Monday, April 17, 2017

Chaos Unbound (The Metis Files #2)

31625294Framed for the murder of a high ranking member of the Unseelie Court of Fae, Steve Dore–also known as Diomedes, Guardian and protector of mankind–goes on the run. He’s determined to uncover the real culprit and clear his name.

But the assassination may be the beginning of a more sinister plot that involves not just the Fae and Humankind, but all the races of the world. And what if the real assassin is a boogeyman even the Fae don't believe is real?

*May Contain Spoilers*

Chaos Unbound, by Brian S. Leon, is a militaristic novel of mythology and fantasy. Though I've read many fantasy novels, I've never read one quite like this. Leon gives the faery world a combative twist that takes the story to a level of epic proportions. 

Diomedes, a human avatar for Athena, is the main character of this novel and the entire book is told from his point of view. Thousands of years old, Diomedes, or Steve, has witnessed countless wars and battles, and has participated in many of them. His main job is to protect humanity not from each other, but from supernatural forces that choose to interfere in human conflict. He's trained in multiple military forces and even has SEAL experience. This resume gives the story a military feel as fighting techniques, military combat knowledge, and weaponry are all described in intricate detail while Diomedes tries to find out who framed him for the death of an important member of the Unseelie court. 

Diomedes is intelligent, brave to the point of nearing recklessness, determined, and dedicated. Readers will respect him for his commitment to humanity while fearing for his life as he goes up against a boogeyman with substantial power. It's interesting to witness a godlike being so down to earth, focused, trusting, and even forgiving. The level of understanding that Diomedes has for others knows no bounds. His job often puts him in a position to kill in order to protect, and he doesn't take that lightly, even after thousands of years doing his job.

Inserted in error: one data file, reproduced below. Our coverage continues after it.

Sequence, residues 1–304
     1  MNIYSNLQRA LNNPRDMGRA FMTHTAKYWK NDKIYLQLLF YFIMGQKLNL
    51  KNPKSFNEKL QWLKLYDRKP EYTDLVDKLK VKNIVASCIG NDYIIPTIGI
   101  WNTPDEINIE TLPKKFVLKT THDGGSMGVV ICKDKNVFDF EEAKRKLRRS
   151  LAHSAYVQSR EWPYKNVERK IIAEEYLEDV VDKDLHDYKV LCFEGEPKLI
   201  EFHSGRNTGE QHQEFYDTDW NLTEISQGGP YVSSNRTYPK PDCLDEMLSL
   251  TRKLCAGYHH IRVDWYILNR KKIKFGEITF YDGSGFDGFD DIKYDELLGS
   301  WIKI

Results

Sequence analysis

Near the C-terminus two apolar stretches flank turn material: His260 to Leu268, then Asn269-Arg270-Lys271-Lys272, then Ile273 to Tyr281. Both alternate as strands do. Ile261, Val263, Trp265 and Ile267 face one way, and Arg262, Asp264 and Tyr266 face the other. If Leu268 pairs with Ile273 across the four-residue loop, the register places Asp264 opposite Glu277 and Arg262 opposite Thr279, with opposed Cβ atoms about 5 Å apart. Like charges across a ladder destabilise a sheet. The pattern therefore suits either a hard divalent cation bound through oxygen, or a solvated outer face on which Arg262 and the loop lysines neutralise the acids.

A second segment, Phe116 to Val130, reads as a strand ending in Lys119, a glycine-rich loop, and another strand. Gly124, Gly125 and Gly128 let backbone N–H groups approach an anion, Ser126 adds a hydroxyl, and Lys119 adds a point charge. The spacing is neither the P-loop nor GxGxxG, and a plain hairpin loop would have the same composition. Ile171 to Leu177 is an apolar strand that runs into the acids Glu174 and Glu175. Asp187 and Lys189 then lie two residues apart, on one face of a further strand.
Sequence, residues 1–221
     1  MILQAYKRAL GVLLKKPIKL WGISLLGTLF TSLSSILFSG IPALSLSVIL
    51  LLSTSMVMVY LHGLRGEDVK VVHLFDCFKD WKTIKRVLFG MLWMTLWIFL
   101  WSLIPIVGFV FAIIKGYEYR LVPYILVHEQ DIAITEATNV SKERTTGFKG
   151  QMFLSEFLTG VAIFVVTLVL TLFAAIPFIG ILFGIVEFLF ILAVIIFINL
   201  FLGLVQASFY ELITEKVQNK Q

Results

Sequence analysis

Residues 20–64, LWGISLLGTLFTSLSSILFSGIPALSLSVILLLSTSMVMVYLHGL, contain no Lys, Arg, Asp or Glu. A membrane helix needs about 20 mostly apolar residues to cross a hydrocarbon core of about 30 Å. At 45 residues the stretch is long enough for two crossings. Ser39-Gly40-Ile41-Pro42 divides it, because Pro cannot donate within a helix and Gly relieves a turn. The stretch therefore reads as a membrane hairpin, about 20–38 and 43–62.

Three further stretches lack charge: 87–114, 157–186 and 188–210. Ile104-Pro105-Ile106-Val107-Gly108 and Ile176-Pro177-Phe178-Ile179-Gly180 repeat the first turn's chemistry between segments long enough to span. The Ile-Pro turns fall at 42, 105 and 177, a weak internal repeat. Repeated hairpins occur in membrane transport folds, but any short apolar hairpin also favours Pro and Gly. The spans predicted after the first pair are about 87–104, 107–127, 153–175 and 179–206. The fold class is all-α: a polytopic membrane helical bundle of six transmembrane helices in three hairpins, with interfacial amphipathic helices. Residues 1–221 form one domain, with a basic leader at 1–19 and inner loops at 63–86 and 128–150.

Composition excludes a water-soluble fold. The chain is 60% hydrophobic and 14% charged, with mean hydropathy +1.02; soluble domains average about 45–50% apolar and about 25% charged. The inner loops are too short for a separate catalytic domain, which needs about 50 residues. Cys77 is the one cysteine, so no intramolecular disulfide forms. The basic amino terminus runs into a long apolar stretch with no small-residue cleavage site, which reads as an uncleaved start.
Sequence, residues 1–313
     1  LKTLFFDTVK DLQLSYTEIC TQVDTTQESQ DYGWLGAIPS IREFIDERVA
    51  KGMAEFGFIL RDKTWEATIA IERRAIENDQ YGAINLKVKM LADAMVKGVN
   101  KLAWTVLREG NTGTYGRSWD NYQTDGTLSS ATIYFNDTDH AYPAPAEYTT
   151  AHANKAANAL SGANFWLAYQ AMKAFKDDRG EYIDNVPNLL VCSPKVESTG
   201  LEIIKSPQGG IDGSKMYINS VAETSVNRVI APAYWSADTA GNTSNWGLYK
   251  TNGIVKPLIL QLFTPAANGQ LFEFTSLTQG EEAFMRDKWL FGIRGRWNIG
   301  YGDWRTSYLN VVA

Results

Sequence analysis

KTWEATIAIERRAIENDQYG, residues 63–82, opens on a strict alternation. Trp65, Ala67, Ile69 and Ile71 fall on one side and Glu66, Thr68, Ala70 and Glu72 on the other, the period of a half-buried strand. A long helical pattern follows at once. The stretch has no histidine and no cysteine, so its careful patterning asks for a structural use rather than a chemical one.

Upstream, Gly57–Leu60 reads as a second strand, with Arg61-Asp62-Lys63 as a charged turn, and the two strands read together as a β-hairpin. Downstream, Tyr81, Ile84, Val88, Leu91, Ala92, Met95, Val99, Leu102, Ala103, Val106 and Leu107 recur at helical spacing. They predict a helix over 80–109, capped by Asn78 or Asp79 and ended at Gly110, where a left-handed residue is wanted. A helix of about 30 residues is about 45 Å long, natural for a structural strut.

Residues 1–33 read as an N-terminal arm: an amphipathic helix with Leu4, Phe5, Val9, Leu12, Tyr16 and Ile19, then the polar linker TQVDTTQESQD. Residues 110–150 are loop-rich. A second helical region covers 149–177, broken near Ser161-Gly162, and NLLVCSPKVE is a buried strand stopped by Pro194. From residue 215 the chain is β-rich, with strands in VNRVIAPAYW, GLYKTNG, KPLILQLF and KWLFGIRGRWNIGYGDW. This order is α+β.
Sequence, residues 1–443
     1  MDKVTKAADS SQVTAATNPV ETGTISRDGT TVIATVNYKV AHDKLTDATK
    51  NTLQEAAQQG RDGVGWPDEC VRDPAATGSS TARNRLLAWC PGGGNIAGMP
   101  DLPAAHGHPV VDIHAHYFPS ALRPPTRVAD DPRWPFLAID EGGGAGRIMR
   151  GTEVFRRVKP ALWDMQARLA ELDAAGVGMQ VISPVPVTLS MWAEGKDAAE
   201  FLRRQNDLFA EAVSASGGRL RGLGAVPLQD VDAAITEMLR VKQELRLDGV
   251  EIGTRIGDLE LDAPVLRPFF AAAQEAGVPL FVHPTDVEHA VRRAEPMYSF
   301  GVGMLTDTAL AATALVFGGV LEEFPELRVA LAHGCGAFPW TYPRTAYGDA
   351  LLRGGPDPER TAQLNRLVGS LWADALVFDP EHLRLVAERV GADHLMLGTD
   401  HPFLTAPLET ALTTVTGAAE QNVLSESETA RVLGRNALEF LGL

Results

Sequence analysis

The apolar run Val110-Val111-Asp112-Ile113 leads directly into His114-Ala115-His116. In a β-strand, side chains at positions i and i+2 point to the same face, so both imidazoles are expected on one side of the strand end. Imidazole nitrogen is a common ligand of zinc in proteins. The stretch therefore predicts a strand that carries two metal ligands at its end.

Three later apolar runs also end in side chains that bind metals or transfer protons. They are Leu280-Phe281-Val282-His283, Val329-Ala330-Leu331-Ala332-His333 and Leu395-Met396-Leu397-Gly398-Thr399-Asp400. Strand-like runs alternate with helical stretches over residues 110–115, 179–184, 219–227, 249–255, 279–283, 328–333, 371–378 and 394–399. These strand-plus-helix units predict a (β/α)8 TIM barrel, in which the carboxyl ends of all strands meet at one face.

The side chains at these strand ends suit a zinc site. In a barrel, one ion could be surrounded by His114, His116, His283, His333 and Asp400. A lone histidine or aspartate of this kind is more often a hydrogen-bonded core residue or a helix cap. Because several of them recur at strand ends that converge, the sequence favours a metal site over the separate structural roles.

The story begins right at the start of all the action, or rather all the chaos. Diomedes has been framed for a murder he did not commit and he's forced to go on the run to clear his name and save his own life. He's soon caught by the Unseelie court and is put in a position that evokes sympathy and fear from readers. When he escapes, with the help of someone who believes his innocence, the race is on to find the real murderer and uncover the reason behind a string of high profile deaths. The mystery behind this boogeyman is intriguing while the story is packed full of action and adventure. The setting constantly changes as Diomedes and his friend, Duma, travel through pathways that connect the entire world while trying to track down the boogeyman, which in this case turns out to be a Hanner Brid, or a half-breed. 

Readers who enjoy fantasy novels will definitely enjoy this book. However, I think that readers will also need an interest in military combat (or the like) to really get into it. There is a lot of discussion about weapons, political unrest, and very detailed passages about fighting techniques and mission planning. While this really pulls readers into the action, it could also alienate those readers who felt it would be more focused on the fae. I did not expect the book to be so heavily laced with combat, as I thought it would be more focused on uncovering who framed Diomedes and why, like a crime thriller or a mystery. Though, I was pleasantly surprised at how easy it was to understand the military information with Leon's writing style. Lastly, I hadn't read the first book in this series before diving into this one and found that it didn't make a big difference. I think it's easy for readers to connect with Diomedes as he is instantly and unjustly cast as the underdog and villain. As he fights for his honor and the truth, that connection is strengthened and solidified creating an interesting adventure/fantasy novel filled with action and mythology that will surely please readers of the genre. 

Rating: 3.5/5 Cups

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